Why Is Car Buying So Hard? Part 2: Trades.

In my previous blog, I discussed the three parts of buying a car price, trade and finance. The last time I talked about how negotiating the price really is the easy part.  What I’ll cover today in this post is trading in your car.

It goes without say, if you trade in a vehicle, your gonna want the best price for it. They key points to take into consideration is the year, make, model, mileage and condition of the vehicle you are looking to trade in. There are a couple of great resources for looking checking the value of your vehicle on sites like Kelly Blue Book or NADA guides to get a rough estimate before bringing it to their dealer. One thing to remember is that this is not an exact science, that these sites do have the tendency too mislead you into thinking your trade is worth more than it really is. Most dealers will assess your car and look for signs of any body repair, painting, misalignment, and flooding. Dealers often also run a car history check accidents.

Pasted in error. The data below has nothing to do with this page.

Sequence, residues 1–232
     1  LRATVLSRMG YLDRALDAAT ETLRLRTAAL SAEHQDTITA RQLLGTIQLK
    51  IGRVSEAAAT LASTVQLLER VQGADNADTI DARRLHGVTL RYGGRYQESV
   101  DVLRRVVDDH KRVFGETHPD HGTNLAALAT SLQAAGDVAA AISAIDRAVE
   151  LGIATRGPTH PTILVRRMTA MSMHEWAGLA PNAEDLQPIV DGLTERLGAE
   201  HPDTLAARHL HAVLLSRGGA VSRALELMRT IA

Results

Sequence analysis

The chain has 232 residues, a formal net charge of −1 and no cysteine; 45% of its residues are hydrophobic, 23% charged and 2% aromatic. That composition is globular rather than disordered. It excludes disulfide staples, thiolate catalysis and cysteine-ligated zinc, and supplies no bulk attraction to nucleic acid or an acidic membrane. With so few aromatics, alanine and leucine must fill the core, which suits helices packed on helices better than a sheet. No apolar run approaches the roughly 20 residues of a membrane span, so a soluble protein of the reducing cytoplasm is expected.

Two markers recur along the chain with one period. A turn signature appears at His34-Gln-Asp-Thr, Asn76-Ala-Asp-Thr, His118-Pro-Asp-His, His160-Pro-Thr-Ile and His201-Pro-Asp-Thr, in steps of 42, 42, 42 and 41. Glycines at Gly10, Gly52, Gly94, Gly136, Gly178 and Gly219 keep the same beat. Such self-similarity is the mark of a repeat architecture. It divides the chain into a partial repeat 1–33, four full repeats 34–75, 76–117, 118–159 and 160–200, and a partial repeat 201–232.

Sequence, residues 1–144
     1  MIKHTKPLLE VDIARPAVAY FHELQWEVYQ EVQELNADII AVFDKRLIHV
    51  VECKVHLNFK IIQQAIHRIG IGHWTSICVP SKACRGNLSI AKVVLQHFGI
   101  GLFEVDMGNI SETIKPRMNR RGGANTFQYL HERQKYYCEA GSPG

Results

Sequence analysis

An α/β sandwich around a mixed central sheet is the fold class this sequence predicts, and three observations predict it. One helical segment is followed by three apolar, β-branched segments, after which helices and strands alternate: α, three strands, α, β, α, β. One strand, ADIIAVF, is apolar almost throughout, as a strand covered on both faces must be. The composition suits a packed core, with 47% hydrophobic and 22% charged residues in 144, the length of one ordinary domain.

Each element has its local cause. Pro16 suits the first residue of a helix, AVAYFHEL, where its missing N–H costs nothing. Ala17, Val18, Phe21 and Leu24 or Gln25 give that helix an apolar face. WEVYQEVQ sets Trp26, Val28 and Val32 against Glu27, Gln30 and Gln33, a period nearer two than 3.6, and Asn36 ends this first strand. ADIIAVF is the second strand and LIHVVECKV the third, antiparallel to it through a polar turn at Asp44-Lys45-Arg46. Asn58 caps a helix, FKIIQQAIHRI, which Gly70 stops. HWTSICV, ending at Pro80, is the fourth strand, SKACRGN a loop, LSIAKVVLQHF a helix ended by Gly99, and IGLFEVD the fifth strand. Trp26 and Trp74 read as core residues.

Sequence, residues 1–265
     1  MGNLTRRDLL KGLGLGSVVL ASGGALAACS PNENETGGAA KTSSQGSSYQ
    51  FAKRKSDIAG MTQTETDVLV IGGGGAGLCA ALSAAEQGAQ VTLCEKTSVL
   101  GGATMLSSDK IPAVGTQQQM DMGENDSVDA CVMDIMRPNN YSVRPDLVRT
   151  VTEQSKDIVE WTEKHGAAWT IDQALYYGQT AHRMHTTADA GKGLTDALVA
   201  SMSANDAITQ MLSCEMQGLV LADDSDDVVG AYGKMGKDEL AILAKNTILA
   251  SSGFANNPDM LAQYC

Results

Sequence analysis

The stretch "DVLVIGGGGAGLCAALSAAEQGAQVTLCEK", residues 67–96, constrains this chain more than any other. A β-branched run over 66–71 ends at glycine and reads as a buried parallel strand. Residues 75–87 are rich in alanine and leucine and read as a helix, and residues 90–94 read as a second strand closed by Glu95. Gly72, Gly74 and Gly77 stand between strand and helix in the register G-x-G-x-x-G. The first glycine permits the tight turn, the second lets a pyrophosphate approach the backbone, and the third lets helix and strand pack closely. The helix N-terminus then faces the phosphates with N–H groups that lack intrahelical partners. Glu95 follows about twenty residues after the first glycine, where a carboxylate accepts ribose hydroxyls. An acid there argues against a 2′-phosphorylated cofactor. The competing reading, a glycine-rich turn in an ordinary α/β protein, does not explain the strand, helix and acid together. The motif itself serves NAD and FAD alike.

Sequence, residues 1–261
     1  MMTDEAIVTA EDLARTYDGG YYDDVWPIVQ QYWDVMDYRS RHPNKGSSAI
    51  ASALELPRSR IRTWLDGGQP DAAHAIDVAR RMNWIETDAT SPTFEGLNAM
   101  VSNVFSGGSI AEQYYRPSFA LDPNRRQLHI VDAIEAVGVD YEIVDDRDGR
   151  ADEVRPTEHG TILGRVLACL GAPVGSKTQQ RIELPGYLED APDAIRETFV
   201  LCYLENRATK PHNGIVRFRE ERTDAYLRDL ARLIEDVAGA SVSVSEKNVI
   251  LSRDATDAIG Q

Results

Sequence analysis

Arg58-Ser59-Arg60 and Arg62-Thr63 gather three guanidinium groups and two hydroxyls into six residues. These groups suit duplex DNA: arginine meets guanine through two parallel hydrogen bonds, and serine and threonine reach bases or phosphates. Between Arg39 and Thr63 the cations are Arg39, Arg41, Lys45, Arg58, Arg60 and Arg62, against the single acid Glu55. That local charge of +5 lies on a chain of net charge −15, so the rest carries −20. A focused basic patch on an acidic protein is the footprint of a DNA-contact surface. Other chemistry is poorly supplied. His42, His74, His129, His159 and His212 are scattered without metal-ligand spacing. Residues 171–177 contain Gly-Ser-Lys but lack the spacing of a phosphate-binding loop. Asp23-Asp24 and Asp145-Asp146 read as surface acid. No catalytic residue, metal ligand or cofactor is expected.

Other aspects that affect trade-in value include whether the dealership has a strong used car operation, or if they have to sell the vehicle at whole sale.  This matters because a dealership that has a good used car operation will often need a wide variety of makes and models. This usually leads to a better price for the consumer market of the vehicle.  Fort Worth, if the dealer has to sell the vehicle for wholesale, it may be because the cost to repair the vehicle is not worth paying, or simply have no demand for the brand and model.

As I said, the negotiation of your vehicle is more difficult than pricing. When you buy a new car, do you trade your old car or sell yourself? How was your experience? What do you think the dealer could have done better?

We’re always trying to improve the value for our customers, so your feed back would be great!